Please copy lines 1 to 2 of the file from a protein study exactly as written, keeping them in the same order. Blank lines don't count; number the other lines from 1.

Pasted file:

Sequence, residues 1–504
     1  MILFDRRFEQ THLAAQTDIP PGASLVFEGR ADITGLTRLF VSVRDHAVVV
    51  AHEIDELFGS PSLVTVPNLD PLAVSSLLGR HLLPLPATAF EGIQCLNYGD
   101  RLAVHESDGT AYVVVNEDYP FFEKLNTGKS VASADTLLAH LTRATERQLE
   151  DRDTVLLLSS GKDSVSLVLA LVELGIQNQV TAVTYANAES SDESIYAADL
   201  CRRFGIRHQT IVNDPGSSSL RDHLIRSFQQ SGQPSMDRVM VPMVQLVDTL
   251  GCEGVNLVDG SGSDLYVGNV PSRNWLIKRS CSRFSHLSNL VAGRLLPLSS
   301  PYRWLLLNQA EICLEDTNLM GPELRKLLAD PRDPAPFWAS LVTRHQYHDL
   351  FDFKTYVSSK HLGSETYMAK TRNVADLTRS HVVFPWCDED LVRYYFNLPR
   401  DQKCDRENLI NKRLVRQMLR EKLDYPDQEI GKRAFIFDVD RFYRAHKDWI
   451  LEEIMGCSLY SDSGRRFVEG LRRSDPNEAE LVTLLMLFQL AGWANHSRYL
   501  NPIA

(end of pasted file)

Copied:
Sequence, residues 1–504
     1  MILFDRRFEQ THLAAQTDIP PGASLVFEGR ADITGLTRLF VSVRDHAVVV